In her role as Vice President and Chief Communications Officer at Thermo Fisher Scientific, Sandy Pound is responsible for steering the company’s global communications, investor relations, strategic meetings and events, and global brand functions. Before joining the biotechnology company, Pound spent 14 years at Johnson & Johnson (J&J), where she held the position of vice president for communication and public affairs for J&J Medical Devices Companies in her most recent role.
Throughout her career, Pound has gained invaluable experience and insights like the importance of building teams with complementary strengths and recognizing the power of diverse thoughts and ideas in addressing challenges with both intensity and innovation.
We caught up with the Pound to get her thoughts on the future of the communications industry.
What book, podcast or other media do you recommend to other comms pros?
I am a huge fan of Axios, I read five to seven Axios newsletters every day. I love how the content is tailored to my areas of interest and it’s a great resource for communicators who want a quick overview of the news that matters most to them. I also read the New York Times, Wall Street Journal and Financial Times each morning.
What’s your favorite tool you use regularly for work?
I love SmartSheets, our global communications team uses it to track all that is happening across the function. We also use it to help prioritize and allocate resources to the items that drive the greatest impact for the business.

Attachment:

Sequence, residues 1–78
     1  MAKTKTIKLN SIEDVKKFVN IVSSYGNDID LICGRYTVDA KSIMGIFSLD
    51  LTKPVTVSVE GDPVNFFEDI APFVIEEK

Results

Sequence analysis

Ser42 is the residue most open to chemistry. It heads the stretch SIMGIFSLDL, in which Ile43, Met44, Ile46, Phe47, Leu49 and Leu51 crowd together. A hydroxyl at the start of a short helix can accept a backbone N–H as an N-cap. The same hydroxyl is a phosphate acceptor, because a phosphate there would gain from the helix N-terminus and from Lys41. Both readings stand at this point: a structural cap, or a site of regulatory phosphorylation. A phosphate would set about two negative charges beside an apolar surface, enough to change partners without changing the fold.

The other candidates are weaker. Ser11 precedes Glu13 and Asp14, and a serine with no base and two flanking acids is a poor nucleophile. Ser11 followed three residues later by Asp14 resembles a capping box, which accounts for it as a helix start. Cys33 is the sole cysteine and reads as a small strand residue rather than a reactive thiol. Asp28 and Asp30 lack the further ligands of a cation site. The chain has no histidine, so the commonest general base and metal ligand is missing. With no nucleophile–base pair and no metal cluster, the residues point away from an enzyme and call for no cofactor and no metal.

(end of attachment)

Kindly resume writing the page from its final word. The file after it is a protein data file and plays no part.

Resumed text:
What excites you most about the future of communications?
First and foremost, I’m excited about the growth we have seen as a discipline over the past five years. Early in my career, there was a lot of talk about communicators getting a seat at the table. Now, in many cases, we are trusted advisors who convene the table to ensure we are considering every situation from a multistakeholder viewpoint. I’m also excited about the ways AI can streamline routine work so that communicators can focus on providing strategic insight.
What communications challenge keeps you up at night?
Before the pandemic, the biggest challenges were company issues which required traditional crisis communications. We had a robust approach to handling crises through tested scenarios and a playbook of actions. Since the pandemic, the world has been a very different, and at times, difficult place. The unexpected external events that we might face cause me the most concern.
What’s the biggest challenge you’ve overcome in your career?
Balancing my work and personal life has been an ongoing journey. I’ve found that the pursuit of balance isn’t perfectly symmetrical, and the scales may tip in either direction at times, but the goal is to find balance in the center whenever possible. Prioritizing, setting boundaries and asking for help has helped me find that balance.
What is the best advice you’ve ever gotten?
If you’re not uncomfortable, you’re not growing. This isn’t exactly what I wanted to hear from my husband any time I share something that makes me uncomfortable, but he is 100% right and I appreciate his honesty. It’s easy to fall into a pattern and as communicators, I think we need to get comfortable with being uncomfortable.
Isis Simpson-Mersha is a conference producer/ reporter for Ragan. Follow her on LinkedIn.